• Physical host access controls
  • Secure, GDPR-compliant infrastructure
  • Geo-redundancy of the host
  • Security patches
  • Access controls to corporate data in the cloud
  • Absence of backdoors

Cybersecurity: Levels and security measures

How secure should a corporate network be?

Minimal protection

Profile: Companies with data worth protecting and moderate availability requirements (e.g. craft businesses)

Typical threats: Phishing (links to malicious websites or downloads with viruses in mails or personal messages) and malware (spyware, ransomware, or browser hijackers via Internet or e-mail)

Protective measures:

  • Establish asset inventory (list of hardware such as servers, switches, routers/gateways, access points, PCs, laptops, smartphones, and virtual resources such as drives, clouds, API gateways, and confidential information such as certificates and access), renew, recall or rotate as necessary
  • Check and adjust settings and configurations (do not use default settings, configurations, firewall rules, ports or passwords and turn off all unused components and uninstall all non-essential applications)
  • Active, regularly updated antivirus program that scans all files that are opened or downloaded
  • Active firewall configured by IT specialists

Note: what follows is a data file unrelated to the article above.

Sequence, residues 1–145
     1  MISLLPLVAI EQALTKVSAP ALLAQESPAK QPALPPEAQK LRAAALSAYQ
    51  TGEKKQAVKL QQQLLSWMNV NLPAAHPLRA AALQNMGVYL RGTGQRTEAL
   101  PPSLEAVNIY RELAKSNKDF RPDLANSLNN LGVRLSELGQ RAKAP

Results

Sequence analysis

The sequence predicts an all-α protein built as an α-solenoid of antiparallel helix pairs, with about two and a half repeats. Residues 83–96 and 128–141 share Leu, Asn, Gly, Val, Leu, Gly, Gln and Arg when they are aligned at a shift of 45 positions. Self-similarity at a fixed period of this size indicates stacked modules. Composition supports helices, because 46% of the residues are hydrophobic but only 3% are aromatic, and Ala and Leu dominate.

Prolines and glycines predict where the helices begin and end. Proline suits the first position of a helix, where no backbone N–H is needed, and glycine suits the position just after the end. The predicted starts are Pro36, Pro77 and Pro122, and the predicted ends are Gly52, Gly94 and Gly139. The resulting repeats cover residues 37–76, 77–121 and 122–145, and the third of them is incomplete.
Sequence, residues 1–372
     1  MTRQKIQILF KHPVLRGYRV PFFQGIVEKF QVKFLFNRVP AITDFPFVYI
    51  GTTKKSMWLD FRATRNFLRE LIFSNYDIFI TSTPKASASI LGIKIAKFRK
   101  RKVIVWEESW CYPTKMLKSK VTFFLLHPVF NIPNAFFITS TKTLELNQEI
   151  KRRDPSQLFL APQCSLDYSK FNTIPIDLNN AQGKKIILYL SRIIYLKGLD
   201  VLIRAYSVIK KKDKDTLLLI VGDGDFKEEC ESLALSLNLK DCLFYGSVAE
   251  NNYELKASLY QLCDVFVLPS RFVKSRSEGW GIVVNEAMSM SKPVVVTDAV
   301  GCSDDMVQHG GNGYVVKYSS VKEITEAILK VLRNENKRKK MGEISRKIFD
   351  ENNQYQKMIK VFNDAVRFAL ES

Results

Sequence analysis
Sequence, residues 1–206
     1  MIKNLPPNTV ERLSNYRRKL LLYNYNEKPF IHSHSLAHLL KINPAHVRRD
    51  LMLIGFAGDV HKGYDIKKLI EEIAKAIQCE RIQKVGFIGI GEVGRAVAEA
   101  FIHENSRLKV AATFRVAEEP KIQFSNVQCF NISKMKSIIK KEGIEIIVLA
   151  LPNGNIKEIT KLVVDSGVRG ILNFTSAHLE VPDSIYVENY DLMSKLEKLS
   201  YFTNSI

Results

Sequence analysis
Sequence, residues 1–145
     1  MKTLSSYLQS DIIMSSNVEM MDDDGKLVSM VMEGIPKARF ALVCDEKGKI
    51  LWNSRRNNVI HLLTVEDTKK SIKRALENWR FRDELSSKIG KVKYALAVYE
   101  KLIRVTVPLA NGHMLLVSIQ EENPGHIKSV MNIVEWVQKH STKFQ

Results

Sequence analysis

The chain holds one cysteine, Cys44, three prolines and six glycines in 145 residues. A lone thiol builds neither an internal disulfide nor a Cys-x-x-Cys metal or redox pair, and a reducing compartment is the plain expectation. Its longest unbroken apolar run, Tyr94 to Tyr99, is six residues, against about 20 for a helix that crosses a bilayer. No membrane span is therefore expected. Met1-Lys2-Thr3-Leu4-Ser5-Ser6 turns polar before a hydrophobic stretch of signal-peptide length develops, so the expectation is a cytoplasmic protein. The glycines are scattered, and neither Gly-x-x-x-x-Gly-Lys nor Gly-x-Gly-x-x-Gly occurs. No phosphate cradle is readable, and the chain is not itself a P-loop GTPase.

• E-mail security (malware scans, spam filters against spyware, and adware, etc.)
  • Password management tools (multi-factor authentication and key management tools for strong, securely created and well-managed passwords)
  • Only use cloud applications that have been vetted and approved by the company

Advanced protection

Profile: Companies with more sensitive data and higher availability requirements (e.g. many medium-sized companies / SMEs)

Typical threats: Untargeted attacks like malware / phishing to many mail addresses, spoofing attacks, spamming at typical network vulnerabilities

Protective measures in addition to minimal protection:

  • Access control / Network Access Control (NAC) for network and asset access with RFID-based authentication: clear, monitorable and accurate role separation for file, system, and device access, e.g. with the help of LANCOM Trusted Access
  • Department or responsibility-based network segmentation, firewalls between networks provide additional lateral protection
  • Professional Intrusion Detection System and Intrusion Prevention System (IDS / IPS), e.g. integrated in UTM firewall
  • Endpoint security (security software on each device and on management server to protect each network access via devices), e.g. through the Zero-Trust principle
  • Data Loss Prevention Software (DLP) to protect critical, confidential data (e.g. preventing email forwarding to external or uploads of company files to open source areas)
  • IAAA principle (Identification, authentication, authorization, and audit)
  • Cybersecurity strategy for secure, accepted behavior in the internal company network, e.g. with BYOD rules
  • Disaster recovery plan in case of natural disasters and cybersecurity contingency plan (e.g. backups, test runs, emergency drills for behavior in case of emergency)